President Bush won significant support yesterday for invading Iraq from key members of Congress but failed to mollify the vocal minority of lawmakers opposed to deposing Saddam Hussein without broader international backing.

With war looking imminent and unavoidable, most congressional Republicans and Democrats began rallying around their commander in chief and countering criticism here and abroad that Bush is rushing into war in defiance of the United Nations.

"The president has shown great patience and given diplomacy every chance to work," said Senate Majority Leader Bill Frist (R-Tenn.). "The stark choice presented to Saddam's regime is fully justified: Leave or be removed."

Even the harshest of war critics in Congress expressed unequivocal support for the 250,000-plus troops stationed around Iraq awaiting the president's call to invade. Many vowed to tone down their opposition to military action soon in deference to those in uniform.

Still, key Senate Democrats picked up where France and other international critics left off, blasting Bush for failing to work harder to win over world leaders wary of war and to tamp down the anti-American fervor sweeping much of Europe and the Middle East before proceeding.

"I'm saddened that the president failed so miserably at diplomacy that we are now forced into war," Senate Minority Leader Thomas A. Daschle (D-S.D.) told union workers yesterday.

Four hours later, Daschle joined top lawmakers for a private Iraq briefing at the White House hosted by Bush and Vice President Cheney.

Once the bombs start dropping, many congressional critics may fall largely silent. After hitting Bush for his "failed diplomatic efforts," Sen. Frank Lautenberg (N.J.), echoing many of his Democratic colleagues, said, "As a veteran, I know what it means to have the strong support of Americans back home."

In the short term, at least, Congress will focus much of its war-related energies on devising means to pay for the conflict while considering the cost and logistics of rebuilding Iraq in the aftermath. Bush did not provide lawmakers with a cost estimate yesterday, said those who met with him.

Most lawmakers, including Daschle, voted five months ago to authorize Bush to wage war without the United Nations' permission; few have changed their minds since. That was the last time Congress voted on the wisdom of the impending war. Symbolic resolutions supporting Bush and the war effort are expected to pass the House and Senate soon after an attack is launched.

Bush enjoys near-universal support among congressional Republicans for attacking Iraq when he chooses, although several of them privately raised concerns about his tactics and timing. Bush "has strong support in Congress . . . and we will do whatever we can to support the president when he comes to ask for any funding he may need," said Sen. Rick Santorum (R-Pa.).

Democrats remain split into three camps: those who support war, those who oppose it and those who want a U.N.-sanctioned encounter. Presidential contenders such as Sen. Joseph I. Lieberman (Conn.) and Rep. Richard A. Gephardt (Mo.) are leading the party's pro-war forces -- an unpopular position among many rank-and-file Democratic activists.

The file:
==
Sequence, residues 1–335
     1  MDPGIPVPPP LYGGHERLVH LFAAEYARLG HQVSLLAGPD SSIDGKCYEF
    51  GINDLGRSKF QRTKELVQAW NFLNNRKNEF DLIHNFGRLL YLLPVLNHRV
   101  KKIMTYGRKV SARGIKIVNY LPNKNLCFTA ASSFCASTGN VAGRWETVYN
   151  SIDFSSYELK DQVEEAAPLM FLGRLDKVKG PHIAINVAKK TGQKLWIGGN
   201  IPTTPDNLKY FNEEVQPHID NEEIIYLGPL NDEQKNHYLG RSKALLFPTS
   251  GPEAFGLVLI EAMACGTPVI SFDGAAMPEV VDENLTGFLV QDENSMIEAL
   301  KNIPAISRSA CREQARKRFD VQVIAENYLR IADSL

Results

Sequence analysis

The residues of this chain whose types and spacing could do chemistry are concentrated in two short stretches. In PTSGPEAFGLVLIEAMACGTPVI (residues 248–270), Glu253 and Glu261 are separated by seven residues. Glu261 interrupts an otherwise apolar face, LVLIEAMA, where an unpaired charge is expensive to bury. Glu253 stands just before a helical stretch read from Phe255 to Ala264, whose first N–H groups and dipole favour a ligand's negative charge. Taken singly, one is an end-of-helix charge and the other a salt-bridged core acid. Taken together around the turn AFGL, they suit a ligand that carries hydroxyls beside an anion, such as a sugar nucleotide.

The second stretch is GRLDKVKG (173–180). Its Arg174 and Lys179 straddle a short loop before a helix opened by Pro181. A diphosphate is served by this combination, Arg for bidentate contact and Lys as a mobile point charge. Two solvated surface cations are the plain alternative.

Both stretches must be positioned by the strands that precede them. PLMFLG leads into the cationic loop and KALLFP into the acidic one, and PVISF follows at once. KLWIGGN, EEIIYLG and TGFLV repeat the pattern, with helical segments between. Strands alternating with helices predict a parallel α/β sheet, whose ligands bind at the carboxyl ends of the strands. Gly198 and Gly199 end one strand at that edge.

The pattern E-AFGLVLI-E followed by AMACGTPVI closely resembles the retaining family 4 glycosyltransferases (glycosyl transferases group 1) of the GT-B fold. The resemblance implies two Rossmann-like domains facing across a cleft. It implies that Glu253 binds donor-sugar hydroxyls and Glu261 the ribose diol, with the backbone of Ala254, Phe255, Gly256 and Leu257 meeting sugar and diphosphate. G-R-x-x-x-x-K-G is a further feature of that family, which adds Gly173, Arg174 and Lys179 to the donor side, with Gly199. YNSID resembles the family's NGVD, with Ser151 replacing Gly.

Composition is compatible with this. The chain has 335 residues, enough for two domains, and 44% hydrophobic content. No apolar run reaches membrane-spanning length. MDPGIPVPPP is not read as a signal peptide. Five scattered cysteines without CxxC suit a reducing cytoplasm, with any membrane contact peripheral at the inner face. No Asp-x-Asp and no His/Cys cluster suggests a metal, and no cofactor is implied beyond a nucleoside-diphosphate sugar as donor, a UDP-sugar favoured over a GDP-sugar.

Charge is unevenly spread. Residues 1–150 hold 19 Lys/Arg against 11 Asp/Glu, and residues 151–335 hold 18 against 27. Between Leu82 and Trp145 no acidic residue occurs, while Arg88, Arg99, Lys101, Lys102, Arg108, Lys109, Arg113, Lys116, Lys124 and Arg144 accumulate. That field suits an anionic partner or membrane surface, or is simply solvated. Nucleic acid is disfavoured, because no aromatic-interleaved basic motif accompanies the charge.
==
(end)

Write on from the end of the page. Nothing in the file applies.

Sen. Joseph R. Biden Jr. (Del.), the ranking Democrat on the Foreign Relations Committee, is among the most prominent of the many Democrats who see Hussein as a deadly threat best eliminated with a coalition similar to the one assembled for the Persian Gulf War.

The antiwar faction, small but vocal, is led by Sens. Edward M. Kennedy (Mass.) and Robert C. Byrd (W.Va.). "I think many of us in Congress are disappointed that weapons inspectors are not being given adequate time to work," Kennedy said yesterday. "As long as weapons inspectors on the ground are making progress, I believe we should not pull the trigger on war."

The most ardent of antiwar Democrats showed no signs of retreat. The lawyer representing a few of these members yesterday announced he was resubmitting a lawsuit to thwart U.S. military action, contending that only Congress has the constitutional right to declare war. The courts have rejected similar cases twice this year.

"I am going to continue to speak out and challenge this administration's policies that are putting this nation at greater risk," said Rep. Dennis J. Kucinich (Ohio), who is running for president as an antiwar candidate. "This war must be challenged. It's wrong. It will ruin this country."

The debate over Iraq is expected to dominate this week's negotiations over the 2004 federal budget. GOP congressional leaders are planning swift action on budget resolutions including the first wartime tax cuts in history, though a rebellion by moderates in their own party threatens to curtail or derail their most ambitious plans.

Sen. John McCain (Ariz.) is among several Republicans calling for the tax cut debate to pause until the war costs are tallied in the months ahead. As important, a small group of moderates in the House and Senate are demanding a tax cut half the size of Bush's or smaller.

Bush is expected to ask Congress next week for $75 billion or more to wage the war and rebuild Iraq afterward -- in addition to funds already appropriated and spent on the military buildup. At some point, Congress also will be asked to approve new war-related aid packages to U.S. allies such as Israel and Jordan to compensate the countries for economic disruptions resulting from the conflict. With deficits projected to hit record levels in dollar terms, the spending requests will only complicate passage of the Bush tax plan, lawmakers said.

Staff writer Dan Morgan contributed to this report.

Sen. Robert C. Byrd (W.Va.), a leader of the antiwar Democrats, left, joins Sen. John W. Warner (R-Va.) after a White House briefing on Iraq. Sen. Joseph R. Biden Jr. (Del.) is among a group of Democrats who support the war but would like to have a stronger coalition.